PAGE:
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The Economy

Discussion in 'Sports and News' started by TigerVols, May 14, 2020.

  1. Elliotte Friedman

    Elliotte Friedman Moderator Staff Member

    People are going to have to make a choice: their health or their livelihood. I don't envy anyone who must choose.
    Tweener, SFIND, PaperDoll and 3 others like this.
  2. tapintoamerica

    tapintoamerica Well-Known Member

    As long as the dead remain disproportionately black and old, Trumpists have signaled quite clearly that they're happy with the virus and have no intentions for meaningful intervention -- either legislative or medical. They'll just pivot to Obamagate and anything else Alex Jones or Fox News or OAN or Mike Gundy tell them to talk about. Now we'll see if people are as eager to reopen Amurrica if, for example, there's nobody to serve them ice cream or beer in Biloxi or Mobile.
    OscarMadison likes this.
  3. Neutral Corner

    Neutral Corner Well-Known Member

    The problem with that is that gated communities won't keep out the virus.
  4. Azrael

    Azrael Well-Known Member

    No one should have to make that choice.

    Which is why we needed a much bigger, better-targeted disaster relief / aid package at the beginning of this.
    wicked and OscarMadison like this.
  5. TrooperBari

    TrooperBari Well-Known Member

    This might be due to spending the past four years talking about little else, but the China angle and US discourse around China worry me. Josh Hawley is the latest example, but lots of people (not just Republicans) have been proposing decoupling from China and repatriating jobs to the US in the name of helping the working class. That might sound great on the stump, but in practice it's somewhere between infeasible and self-destructive. Those jobs went overseas for a reason, and that reason isn't because those business owners were all mustache-twirling villains straight out of a Nickelodeon cartoon. Bringing back the kind of manufacturing jobs the US 'lost' to China would require either Americans working for the kind of wages paid in China -- and that's assuming they're in a part of the US where they can live on that pay -- or convincing consumers to pay the prices necessary to fund a US standard of living despite not being willing to do so the first time around.

    Decoupling has its own issues. Wanting to reduce dependence on China and diversify is certainly understandable, but at the same time who else can do what China does? The likes of Vietnam, Myanmar, and Bangladesh lack the population base, infrastructure, and technical capacity of China, Indonesia is no less a hotbed of economic nationalism (and, speaking from experience, its infrastructure is diabolically bad), and India and the Philippines have geared their economies toward service and knowledge industries. Leaving China and building global value chains from scratch in one new country would be difficult enough, but replacing China's capacity will likely require multiple new bases of operation and thus multiple supply lines, regulatory regimes, etc. How many for-profit corporations would be willing to voluntarily put themselves through all that extra effort and expense in the name of doing their part for the good ol' red, white, and blue? Considering how many go to great lengths to offshore money and avoid US taxes, expecting patriotic fervor to win out over profit motives likely would not be a fruitful path.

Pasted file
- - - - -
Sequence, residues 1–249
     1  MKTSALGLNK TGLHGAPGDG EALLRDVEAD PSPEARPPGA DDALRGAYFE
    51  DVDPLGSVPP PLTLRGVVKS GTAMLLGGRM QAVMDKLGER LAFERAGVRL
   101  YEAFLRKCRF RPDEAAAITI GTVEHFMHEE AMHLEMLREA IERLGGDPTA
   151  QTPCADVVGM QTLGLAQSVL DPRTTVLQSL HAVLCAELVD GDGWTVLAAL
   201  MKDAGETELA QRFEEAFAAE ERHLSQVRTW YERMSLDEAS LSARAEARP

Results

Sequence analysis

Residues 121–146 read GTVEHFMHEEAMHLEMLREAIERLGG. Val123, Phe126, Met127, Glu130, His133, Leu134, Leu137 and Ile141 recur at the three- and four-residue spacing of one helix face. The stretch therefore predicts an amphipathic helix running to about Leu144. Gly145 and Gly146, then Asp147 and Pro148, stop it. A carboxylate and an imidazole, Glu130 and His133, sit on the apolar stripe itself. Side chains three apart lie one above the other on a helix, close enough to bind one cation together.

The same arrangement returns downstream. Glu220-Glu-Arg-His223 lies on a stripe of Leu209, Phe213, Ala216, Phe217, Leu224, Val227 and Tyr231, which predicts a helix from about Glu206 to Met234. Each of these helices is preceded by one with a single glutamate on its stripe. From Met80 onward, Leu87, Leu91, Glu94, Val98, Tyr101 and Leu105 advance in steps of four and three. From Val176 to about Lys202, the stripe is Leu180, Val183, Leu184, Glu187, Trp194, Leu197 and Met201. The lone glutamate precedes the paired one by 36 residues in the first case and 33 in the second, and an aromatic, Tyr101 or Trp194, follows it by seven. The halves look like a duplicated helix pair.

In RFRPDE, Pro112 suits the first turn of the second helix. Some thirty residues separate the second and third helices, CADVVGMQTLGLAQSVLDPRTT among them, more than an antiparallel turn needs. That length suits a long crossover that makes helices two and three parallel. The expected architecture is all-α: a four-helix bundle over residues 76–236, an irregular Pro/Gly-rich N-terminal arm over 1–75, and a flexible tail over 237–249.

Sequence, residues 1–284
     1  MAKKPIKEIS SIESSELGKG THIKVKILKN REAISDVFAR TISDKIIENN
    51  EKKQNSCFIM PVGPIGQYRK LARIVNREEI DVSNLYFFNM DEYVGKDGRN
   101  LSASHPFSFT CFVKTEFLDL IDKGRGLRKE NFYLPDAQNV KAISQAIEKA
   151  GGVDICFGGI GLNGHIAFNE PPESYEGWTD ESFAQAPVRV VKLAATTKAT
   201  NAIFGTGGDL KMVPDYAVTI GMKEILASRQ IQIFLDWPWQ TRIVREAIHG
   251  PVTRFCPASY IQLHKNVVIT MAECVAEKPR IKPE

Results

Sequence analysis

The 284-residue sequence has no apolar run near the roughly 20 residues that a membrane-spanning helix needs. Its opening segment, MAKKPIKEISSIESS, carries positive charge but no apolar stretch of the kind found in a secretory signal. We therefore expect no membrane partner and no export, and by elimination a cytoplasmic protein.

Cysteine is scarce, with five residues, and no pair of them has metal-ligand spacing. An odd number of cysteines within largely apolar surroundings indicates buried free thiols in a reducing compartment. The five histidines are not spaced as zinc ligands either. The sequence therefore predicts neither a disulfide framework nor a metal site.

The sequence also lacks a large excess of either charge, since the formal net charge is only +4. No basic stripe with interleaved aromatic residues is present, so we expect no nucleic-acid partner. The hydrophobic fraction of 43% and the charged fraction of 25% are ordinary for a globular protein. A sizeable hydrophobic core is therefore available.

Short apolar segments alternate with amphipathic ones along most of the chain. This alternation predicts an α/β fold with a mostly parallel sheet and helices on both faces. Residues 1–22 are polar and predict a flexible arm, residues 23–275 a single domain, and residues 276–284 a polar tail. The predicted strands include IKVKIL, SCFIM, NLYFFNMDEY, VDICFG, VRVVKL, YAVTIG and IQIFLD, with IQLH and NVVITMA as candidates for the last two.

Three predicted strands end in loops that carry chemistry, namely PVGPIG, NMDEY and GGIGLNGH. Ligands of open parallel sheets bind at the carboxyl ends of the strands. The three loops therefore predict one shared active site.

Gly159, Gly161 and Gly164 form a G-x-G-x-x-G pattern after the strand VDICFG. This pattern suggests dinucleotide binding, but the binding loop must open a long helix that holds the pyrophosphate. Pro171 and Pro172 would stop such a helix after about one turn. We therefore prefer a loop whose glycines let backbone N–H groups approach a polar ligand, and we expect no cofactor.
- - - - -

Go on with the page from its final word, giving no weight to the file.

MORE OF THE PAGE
China is going to be a big talking point, both in the coming election and for many years to follow. I wish we could have a serious, policy-led discussion at a national level on the effects of having an advanced, globalized economy, including how to better mitigate the damage done to Americans and more equitably distribute the gains created by globalization. Unfortunately, I'm also old enough to know better. China will be just the latest club the major parties use to attack each other after years of scrambling to be the toughest on communism, crime, terror, etc. Anyone deemed insufficiently 'tough on China' will be dismissed as a panda-hugging elitist and a traitor to working-class Americans, which incentivizes more one-upsmanship and generates similarly frothy, nationalistic responses from China. China and its perceived allies will get the blame for hollowing out the heart of the US economy despite the fact that embracing global trade and accepting US jobs going overseas has been a bipartisan approach dating back decades.